‘Speak the truth and speak it ever, cost it what it will’
The Columbus Affair, like the author’s previous books, takes us to a whole host of locations as the story unfolds. From the streets of Prague and Vienna, to sunny Orlando. None of the locations were more central to the plot than the beautiful island of Jamaica. Not only do you get exposed to Jamaica as it is currently, but you also get a fabulous history and language lesson. Steve Berry manages to show you the Jamaica of the past and the present and believe me, it’s much more than just a bunch of nice beaches. It was such a joy to see a part of my own heritage and culture explored and explained to the wider masses as part of this book.
‘Jamaica has a little of everything but not quite enough of anything’
On top of the locale, history and language lessons that are mixed in a part of the story, I really enjoyed the characters in The Columbus Affair. I absolutely loved that every last character was flawed and not one character was suffering from what I like to call ‘the white knight syndrome’. The protagonist, Tom Sagan, was written in such a way that you were never quite sure just how much of a ‘good guy’ he really is. Just when you think you have him figured out, he would do something to blow that assumption right out of the water.
‘Di innocent and di fool could pass fi twin’
What can I even say about the story that Steve Berry has created in The Columbus Affair, using Christopher Columbus and his voyages to The New World as the basis, other than to say it absolutely masterful. The author takes you on an almost 2000 year old mystery and manages to tie it into some of the most important periods in history. If you want to pick up one book this spring that will both engage and challenge you, I recommend that you make it The Columbus Affair by Steve Berry....more
I’ve been slacking a bit. I originally read Girl in Shades back in October 2011, and should have written my review then. The problem was that I just couldn’t put my thoughts into words. Well I sat down and read it a second time hoping that it would finally help me get the words out. So here goes nothing.
After two reads in a period of 4 months, there are no words I can use to adequately describe my love for Girl in Shades by Allison Baggio. Really, I am serious. NO.WORDS. But because I am a reviewer, I am certainly going to try.
Girl in Shades is a coming of age story. The main character Maya is just such an interesting and amazing character. With every page I read, I just found myself on this journey with her and ultimately I found myself privileged to be along for the ride. There is just something so wonderful and inspiring about watching Maya challenged time and time again, and every time it happens, she just picks herself up and keeps moving.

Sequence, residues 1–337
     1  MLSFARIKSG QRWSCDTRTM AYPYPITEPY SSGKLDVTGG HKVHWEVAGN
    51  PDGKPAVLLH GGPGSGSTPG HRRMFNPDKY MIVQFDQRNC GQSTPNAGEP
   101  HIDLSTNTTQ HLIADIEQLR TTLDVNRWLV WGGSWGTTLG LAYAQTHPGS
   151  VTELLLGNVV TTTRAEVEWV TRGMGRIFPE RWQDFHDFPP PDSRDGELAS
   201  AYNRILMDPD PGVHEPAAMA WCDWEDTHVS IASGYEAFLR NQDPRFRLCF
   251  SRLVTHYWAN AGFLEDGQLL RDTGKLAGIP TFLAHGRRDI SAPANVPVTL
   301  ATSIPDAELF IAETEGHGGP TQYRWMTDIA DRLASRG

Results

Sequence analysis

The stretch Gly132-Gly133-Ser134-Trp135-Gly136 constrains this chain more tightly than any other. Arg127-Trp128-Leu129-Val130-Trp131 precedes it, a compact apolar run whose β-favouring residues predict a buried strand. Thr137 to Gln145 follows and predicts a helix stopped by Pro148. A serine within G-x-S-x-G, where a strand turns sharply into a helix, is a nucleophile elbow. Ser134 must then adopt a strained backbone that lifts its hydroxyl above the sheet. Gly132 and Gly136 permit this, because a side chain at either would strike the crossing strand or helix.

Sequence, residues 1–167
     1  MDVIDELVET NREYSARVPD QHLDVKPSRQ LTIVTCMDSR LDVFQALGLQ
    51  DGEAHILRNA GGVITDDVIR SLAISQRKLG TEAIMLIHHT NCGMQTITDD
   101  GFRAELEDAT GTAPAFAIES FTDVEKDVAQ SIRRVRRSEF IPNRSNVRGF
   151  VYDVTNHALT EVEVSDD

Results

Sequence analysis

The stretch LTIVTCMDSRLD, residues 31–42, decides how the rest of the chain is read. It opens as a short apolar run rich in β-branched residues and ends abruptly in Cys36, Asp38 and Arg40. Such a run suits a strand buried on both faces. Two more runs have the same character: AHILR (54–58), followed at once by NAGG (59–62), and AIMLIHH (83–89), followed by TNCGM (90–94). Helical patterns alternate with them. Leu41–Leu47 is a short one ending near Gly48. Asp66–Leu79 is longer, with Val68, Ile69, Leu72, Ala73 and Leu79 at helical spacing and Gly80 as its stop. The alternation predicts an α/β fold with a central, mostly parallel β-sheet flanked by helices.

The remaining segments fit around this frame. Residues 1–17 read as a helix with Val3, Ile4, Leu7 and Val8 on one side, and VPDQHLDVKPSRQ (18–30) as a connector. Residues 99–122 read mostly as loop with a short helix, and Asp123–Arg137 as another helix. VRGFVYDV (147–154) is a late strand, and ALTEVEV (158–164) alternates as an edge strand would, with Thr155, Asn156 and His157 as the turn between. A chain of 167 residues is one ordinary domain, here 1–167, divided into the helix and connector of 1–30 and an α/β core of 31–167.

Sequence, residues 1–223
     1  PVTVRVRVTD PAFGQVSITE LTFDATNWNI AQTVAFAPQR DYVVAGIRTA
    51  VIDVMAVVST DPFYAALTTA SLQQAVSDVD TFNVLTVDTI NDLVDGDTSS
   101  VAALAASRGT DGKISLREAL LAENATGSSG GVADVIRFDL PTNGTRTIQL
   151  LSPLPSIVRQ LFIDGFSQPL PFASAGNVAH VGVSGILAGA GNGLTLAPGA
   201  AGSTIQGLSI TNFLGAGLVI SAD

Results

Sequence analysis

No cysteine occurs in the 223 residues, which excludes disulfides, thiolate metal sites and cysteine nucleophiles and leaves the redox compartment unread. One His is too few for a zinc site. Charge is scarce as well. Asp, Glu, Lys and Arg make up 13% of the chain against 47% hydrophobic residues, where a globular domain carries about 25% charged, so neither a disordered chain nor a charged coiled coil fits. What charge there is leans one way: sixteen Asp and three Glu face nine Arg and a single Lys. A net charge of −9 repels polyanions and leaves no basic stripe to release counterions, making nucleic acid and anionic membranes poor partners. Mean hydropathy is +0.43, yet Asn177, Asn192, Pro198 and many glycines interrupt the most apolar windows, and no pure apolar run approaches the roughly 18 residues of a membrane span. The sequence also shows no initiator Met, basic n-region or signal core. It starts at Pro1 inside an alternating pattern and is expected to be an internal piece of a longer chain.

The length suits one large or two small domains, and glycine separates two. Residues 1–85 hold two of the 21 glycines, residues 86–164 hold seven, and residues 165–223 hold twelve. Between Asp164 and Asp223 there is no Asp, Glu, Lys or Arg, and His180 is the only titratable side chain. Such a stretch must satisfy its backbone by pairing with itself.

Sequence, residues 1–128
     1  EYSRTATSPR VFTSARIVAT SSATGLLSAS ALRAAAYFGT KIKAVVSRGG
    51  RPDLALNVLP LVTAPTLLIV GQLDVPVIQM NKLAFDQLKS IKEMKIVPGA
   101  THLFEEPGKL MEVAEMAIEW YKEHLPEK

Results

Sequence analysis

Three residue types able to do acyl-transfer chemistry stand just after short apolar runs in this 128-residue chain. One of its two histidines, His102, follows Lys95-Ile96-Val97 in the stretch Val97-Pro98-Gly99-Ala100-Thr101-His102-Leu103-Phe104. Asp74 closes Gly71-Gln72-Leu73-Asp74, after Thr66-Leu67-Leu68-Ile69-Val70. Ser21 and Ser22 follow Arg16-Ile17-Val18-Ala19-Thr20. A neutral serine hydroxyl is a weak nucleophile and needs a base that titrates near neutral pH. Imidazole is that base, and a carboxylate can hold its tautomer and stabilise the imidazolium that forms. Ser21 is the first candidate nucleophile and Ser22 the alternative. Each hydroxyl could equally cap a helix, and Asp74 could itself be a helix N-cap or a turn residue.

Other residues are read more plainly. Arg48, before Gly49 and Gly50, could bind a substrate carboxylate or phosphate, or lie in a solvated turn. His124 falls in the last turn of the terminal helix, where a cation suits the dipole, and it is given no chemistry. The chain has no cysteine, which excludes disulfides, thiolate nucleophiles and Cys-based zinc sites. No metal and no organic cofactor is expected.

I also just loved Allison’s writing. The pacing of the story was great and I had no problem diving right in. I think I finished the book in one sitting actually. I just became so invested in what was going on that I couldn’t put the book down. The first person narration felt very intimate and personal drew me into the story from the beginning.
Girl in Shades is an intense character driven drama that should be read by everyone. ...more
I have said it before and I will say it again, I love Debra Anastasia. This love began with her debut novel Crushed Seraphim, and it then followed intI have said it before and I will say it again, I love Debra Anastasia. This love began with her debut novel Crushed Seraphim, and it then followed into my love for her on Twitter (you can follow her here). So when I was contacted about possibly reviewing a copy of her latest book Poughkeepsie, I didn’t hesitate to jump at the chance. Best. Decision. Ever.
I admit, that when I started reading Poughkeepsie, I had absolutely no idea what the book was about. The fact that Debra wrote it was more than enough to get me to read it and I can honestly say that I wasn’t disappointed.
It’s still hard for me to define Poughkeepsie and tell you exactly what it was about, but I will give it a shot.
At its core Poughkeepsie is about a romance between Blake and Livia. But to say that that was all Poughkeepsie was about is to seriously sell the book short. Yes, it is about romance. But it is also about family. It’s about connections. It’s about the resilience of the human spirit.
The characters that Debra Anastasia has created are just phenomenal and support the story so well. You have Livia who has a heart of gold, Blake whose spirit is so heartbreakingly beautiful, Kyle who is lost an constantly searching to be enough, Cole who has struggled to contain the rage inside of him, and Beckett. Who could forget wonderful, conflicted, loyal and naughty Beckett? On the surface, none of these characters seem to have anything in common with one another. As you dive further and further into the story, you see the ties and bonds between them and you watch as they are tested, reformed and strengthened.
There is plenty of action, suspense, romance and hilarity to be found in Poughkeepsie. Debra Anastasia has outdone herself with her latest novel and as long as she keeps writing like this I will keep reading. ...more